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Last Updated: , Created: Saturday, January 10th, 2004

Kitchen renovation tips and selecting counter tops


There are a myriad of choices for a new kitchen, from style to counter top materials – and choosing what is right for you has always been a balance between your “desires” and your “budget”.  This kitchen renovation tips article was written in 2003 in Toronto, but the basic information is still good.  Recently, 2018, I received an invitation to critique a rather complete comparison of the various counter tops and it is so well done that I will not attempt to duplicate it but rather link to the original article.  Described as a chemistry/geology lesson on countertops, it was written by a well-researched real-estate agent and his team in Alaska. I really like that Veronica, a kitchen renovator in Toronto, and Ryan, a real-estate agent in Alaska, had two very interesting conclusions:

Veronica recommends: Do not follow trends since they generally don’t last more than 5 years and can actually hurt the resale value of a home.  Make a kitchen functional, easy to clean, easy to work in, nice looking and it will satisfy you for years to come.

Ryan recommends: What is the best countertop material?  At the end of the day, the counter a homeowner chooses will reflect their personality and sense of style, and the purposes to which they put their kitchen on a daily basis. Like with any major home purchase or renovation, knowledge is power. Even if a counter looks lovely, it still has to work for your needs, and those needs may be different from a friend or neighbor. 

With good sense like that, I leave you in good hands ----




Veronica Redecka from Irpinia Kitchens in Toronto, Ontario came onto my HGTV show providing some good advice for when you are thinking about renovating your kitchen.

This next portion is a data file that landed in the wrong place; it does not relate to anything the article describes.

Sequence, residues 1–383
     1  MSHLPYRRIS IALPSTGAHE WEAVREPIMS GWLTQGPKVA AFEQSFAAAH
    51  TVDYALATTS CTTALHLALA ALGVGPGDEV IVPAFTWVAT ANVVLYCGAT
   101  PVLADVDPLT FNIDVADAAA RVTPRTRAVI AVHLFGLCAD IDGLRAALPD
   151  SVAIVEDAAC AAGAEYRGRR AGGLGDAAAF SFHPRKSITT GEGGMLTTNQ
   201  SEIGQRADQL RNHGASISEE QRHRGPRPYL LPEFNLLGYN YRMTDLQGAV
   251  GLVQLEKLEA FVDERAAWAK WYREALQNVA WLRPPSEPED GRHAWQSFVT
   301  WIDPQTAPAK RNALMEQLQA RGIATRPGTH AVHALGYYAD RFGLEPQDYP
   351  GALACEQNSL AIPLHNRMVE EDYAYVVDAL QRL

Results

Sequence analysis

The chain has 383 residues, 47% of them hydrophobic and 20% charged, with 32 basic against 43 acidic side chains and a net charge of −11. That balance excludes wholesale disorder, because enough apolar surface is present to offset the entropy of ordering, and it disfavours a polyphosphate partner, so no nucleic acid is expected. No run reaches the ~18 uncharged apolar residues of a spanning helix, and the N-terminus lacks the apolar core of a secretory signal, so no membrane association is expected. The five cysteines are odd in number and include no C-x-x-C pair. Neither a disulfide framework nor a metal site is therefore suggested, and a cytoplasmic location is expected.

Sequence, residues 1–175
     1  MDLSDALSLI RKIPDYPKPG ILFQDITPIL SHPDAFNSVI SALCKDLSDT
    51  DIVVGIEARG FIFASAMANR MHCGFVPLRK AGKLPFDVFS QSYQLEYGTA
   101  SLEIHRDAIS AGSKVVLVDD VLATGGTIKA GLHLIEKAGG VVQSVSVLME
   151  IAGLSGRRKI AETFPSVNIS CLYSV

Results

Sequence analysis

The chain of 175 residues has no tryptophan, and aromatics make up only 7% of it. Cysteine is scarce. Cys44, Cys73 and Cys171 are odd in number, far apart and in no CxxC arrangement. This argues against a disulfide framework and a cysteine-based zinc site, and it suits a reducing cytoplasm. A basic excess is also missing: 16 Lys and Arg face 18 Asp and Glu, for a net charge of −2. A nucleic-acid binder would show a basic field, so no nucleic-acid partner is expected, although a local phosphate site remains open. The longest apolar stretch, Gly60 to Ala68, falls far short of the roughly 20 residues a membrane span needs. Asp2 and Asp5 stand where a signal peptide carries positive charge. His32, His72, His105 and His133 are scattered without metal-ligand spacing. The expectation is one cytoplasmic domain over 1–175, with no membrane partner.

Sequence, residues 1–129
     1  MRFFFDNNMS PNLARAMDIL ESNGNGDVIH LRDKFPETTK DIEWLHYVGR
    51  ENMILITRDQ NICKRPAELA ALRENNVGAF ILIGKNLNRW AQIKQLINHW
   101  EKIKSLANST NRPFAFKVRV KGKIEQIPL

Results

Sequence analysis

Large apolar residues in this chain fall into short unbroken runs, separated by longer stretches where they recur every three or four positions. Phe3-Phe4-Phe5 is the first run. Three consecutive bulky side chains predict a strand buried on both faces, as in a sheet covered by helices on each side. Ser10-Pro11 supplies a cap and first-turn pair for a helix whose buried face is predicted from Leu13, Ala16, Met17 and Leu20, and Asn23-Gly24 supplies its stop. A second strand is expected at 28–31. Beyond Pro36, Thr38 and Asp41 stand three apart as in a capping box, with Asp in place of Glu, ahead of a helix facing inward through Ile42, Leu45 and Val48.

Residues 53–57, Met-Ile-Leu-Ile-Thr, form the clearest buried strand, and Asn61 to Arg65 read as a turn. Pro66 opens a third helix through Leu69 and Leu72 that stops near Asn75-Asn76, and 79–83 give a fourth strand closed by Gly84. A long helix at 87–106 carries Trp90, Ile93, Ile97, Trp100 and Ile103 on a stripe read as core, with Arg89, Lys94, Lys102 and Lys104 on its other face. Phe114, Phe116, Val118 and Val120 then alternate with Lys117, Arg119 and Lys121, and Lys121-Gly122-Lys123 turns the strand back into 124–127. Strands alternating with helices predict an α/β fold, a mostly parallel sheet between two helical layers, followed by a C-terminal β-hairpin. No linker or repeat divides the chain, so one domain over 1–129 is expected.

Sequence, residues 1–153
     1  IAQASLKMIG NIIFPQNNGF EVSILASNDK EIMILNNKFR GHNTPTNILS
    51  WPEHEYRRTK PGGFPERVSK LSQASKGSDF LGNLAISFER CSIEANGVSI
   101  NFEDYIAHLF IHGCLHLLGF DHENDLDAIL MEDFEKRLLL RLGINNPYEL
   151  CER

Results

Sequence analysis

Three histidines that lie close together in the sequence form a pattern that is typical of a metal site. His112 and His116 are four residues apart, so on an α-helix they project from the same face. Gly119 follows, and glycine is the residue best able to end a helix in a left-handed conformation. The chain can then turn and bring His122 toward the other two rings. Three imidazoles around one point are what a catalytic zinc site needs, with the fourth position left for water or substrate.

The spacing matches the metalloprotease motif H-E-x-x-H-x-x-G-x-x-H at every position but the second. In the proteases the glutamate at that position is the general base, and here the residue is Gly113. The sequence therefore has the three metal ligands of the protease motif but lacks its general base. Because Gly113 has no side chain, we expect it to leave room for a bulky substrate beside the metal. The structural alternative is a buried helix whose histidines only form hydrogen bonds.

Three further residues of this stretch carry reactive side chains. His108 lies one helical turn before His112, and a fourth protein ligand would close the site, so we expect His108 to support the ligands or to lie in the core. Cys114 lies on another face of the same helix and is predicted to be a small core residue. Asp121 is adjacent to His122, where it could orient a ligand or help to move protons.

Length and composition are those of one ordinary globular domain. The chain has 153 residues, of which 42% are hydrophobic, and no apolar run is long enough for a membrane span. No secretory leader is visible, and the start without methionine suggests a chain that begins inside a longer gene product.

Figure that a kitchen renovation, from thought to finish will take at least 3, if not 4, months to plan, order, demolish and install.

Take measurements of your kitchen, including and especially door and window locations, and take them to various show rooms to help get preliminary estimates. That will help to at least bring you into the reality zone of just how big a project this might become. This will also allow you to make some critical budget choices, like what to keep and what to change. Redesigning counter tops is usually much more expensive that replacing or simply re-facing cupboards. The average kitchen renovation in Toronto in 2003 was $36,000.

Pre-fabricated kitchens are an economical option. These are pre-made boxes -- cupboards and under counter spaces -- that you can buy anywhere and have installed or install yourself. You have to choose what fits your space, rather than have them made to fit, but they cost much less.

A modular kitchen is custom built, but made in modular units similar to the pre-fabricated units. Of course you have to wait for it to be built, and it does cost more than the standard renovation centre mass produced units.

One critical consideration in kitchen design with our modern life styles is to design the kitchen with the number of cooks in mind. A one cook kitchen is not laid out the same way as a two cook kitchen. The first one will group work areas tightly together for efficiency, the latter will spread them out for marital harmony and co-existence.

Veronica recommends not following trends since they generally don't last more than 5 years and can actually hurt the resale value of a home. Make a kitchen functional, easy to clean, easy to work in, nice looking and it will satisfy you for years to come.



Ryan Tollefsen, a realtor in Anchorage, Alaska exposes the real story about each of the countertop materials.  Click here for his great chemistry/geology lesson on countertops.



Keywords: Counter, Stone, Marble, Storage, Glass, Design, Kitchen, Shelving, Ceramic, Renovation, Stainless Steel, Laminate, Concrete, Porcelain, Acrylic, Wood

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